For Gomez, wearing orange is a good fit


Infielder glad to be back with O's after Rule 5 issue


February 25, 2005|By Roch Kubatko | Roch Kubatko,SUN STAFF

FORT LAUDERDALE, Fla. -- Chris Gomez could be forgiven yesterday for glancing down at his orange Orioles practice jersey, just to make sure which team would be signing his paycheck this year.

He was an Oriole after signing a minor league contract on Dec. 9, a Philadelphia Phillie after being claimed in the Rule 5 draft on Dec. 13, and an Oriole again after being sold to them on Dec. 20.

It was a crazy timeline -- and an embarrassing one for the Orioles, who hadn't protected him. They've put him on the 40-man roster, and he's expected to replace Luis Lopez as the team's utility infielder.

"It was pretty bizarre," Gomez said before yesterday's workout.

"I was signed by Baltimore, and four or five days later I got a call from the GM of the Phillies. I thought it was a mistake or something. I didn't even realize I was eligible for the Rule 5 draft.

But I just rolled with it."

The Orioles paid $12,500 to purchase Gomez from the Phillies, who shelled out the same amount of cash to claim him.

"After the shock wore off," Gomez said, "I had to get accustomed to being a Phillie."

Not for long.

The Phillies wanted Gomez in case infielder Placido Polanco left as a free agent. But Polanco surprised the club by accepting arbitration, and Gomez no longer fit into its plans.

"Now I'm back here where I feel I belong," he said. "I don't know what's going on with the Philadelphia situation. That would have been a fine situation. But everything worked out well. I think we have a good team. Baltimore is a great city, it's a great stadium. It's exciting to play in the American League East."

Gomez batted .282 in 109 games with the Toronto Blue Jays last season. His brief stint as a Phillie probably felt natural, since he's always on the move.

He broke into the majors with the Detroit Tigers in 1993, and also has played for San Diego, Tampa Bay and Minnesota. The Orioles represent his sixth team.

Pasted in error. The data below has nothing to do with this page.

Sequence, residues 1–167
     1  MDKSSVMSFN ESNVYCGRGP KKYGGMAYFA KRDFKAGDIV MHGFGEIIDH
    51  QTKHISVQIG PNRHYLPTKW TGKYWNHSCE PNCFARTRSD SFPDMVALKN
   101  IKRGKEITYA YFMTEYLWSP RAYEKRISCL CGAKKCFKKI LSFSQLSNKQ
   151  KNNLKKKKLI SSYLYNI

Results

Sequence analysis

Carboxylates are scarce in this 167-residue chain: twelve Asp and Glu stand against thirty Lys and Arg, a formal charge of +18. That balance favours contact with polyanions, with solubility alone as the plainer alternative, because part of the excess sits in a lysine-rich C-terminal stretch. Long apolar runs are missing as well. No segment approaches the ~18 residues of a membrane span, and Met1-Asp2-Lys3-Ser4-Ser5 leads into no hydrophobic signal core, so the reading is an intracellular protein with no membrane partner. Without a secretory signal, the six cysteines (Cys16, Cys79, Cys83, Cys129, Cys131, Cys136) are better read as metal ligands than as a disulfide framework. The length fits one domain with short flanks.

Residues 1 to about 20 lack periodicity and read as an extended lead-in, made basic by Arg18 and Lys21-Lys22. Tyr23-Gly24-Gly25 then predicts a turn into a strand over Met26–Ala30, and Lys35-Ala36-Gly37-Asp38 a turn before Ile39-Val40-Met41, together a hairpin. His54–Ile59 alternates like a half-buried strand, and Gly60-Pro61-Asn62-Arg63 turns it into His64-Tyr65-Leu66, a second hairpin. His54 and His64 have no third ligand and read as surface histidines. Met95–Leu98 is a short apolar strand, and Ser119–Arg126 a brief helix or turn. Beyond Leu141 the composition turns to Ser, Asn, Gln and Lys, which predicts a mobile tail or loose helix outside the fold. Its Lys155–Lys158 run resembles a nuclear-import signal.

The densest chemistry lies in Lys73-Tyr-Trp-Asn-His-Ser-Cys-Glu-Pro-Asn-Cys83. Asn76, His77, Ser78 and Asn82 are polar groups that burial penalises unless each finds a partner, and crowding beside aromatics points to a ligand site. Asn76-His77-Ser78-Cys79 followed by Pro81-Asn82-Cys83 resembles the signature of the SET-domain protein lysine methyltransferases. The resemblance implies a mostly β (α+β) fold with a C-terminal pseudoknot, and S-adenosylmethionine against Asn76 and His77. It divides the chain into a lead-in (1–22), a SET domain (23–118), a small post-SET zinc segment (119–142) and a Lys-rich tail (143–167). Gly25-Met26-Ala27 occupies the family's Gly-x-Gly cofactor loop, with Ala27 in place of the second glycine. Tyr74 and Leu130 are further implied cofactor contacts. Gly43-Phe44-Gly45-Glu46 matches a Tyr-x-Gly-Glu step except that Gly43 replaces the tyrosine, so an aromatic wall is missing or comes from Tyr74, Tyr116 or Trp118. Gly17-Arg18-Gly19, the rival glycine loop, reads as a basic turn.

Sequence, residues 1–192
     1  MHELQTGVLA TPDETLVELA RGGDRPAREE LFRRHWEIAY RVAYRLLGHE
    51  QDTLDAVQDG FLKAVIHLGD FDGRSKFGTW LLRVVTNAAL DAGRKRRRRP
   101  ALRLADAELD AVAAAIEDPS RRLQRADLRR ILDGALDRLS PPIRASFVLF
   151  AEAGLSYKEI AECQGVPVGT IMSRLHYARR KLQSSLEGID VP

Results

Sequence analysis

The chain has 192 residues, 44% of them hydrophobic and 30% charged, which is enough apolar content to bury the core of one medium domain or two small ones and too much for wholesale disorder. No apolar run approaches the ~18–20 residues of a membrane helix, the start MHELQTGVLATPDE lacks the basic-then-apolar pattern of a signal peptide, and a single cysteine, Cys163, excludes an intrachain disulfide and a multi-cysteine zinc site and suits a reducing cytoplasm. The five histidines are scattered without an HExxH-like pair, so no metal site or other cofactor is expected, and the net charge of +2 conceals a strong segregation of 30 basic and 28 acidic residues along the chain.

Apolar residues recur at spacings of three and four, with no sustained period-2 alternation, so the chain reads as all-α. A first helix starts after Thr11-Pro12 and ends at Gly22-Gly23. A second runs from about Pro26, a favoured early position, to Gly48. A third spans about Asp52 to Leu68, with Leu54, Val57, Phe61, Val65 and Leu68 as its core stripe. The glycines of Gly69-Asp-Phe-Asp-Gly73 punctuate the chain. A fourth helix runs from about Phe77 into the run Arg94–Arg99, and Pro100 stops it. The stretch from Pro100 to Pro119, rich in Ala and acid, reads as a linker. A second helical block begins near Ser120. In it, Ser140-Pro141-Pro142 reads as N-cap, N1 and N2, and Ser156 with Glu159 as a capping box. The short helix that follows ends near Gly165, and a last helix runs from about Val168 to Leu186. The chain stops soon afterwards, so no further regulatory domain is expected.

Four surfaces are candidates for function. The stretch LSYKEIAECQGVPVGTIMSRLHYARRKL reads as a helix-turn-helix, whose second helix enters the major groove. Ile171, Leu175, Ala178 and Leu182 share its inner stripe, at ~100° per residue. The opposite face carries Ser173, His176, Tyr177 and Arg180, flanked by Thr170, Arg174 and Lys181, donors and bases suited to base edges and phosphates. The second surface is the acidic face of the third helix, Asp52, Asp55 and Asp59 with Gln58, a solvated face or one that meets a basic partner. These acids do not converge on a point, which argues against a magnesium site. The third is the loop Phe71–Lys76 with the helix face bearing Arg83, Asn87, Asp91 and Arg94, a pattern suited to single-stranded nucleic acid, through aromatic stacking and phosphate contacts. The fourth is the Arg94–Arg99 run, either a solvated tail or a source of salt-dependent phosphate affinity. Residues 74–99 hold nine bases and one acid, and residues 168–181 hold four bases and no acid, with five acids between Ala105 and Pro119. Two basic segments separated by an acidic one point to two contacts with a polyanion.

A former third-round draft pick, Gomez hopes the Orioles are his last stop. "But I say that everywhere I start. It just hasn't been working out," he said.

"I'd love to retire as an Oriole and quit bouncing around," he said. "When I first came into the league, I'd look at guys like Alan Trammell and George Brett, guys who stayed in the same organization, and I thought how great that would be. And now I'm bouncing all over the place."

Gomez gives the Orioles some flexibility on their bench. He can play every infield position, having made 69 starts at shortstop last year, 12 at first base, four at third and three at second.

"I think I'll have to be ready at several positions," he said. "I have to be ready whenever I get the chance. As it looks, playing time is going to be tough to get, but I'll work hard to stay ready because you never know what can happen."

Mazzilli meets with players

Manager Lee Mazzilli held a pre-workout meeting in the Orioles' clubhouse, in which he stressed to his players the importance of "having their own identity."

"I want them to show their personalities on the field, and do what they do best," he said.

"That's just going to help the team chemistry," outfielder Larry Bigbie said. "He wants everybody to play relaxed, knowing we're going into New York and Boston with a team we can win with. Don't go in there looking to just play with them and hang around. Go out there relaxed and be ourselves. Have fun and play our game."

The fans who gathered for yesterday's first full-squad workout broke into applause when Mazzilli stepped onto the field, and the excitement carried over as Sammy Sosa crushed baseballs into the overcast sky.

"I told Sammy I got more [applause] than he did," Mazzilli said, grinning, "and he got mad."

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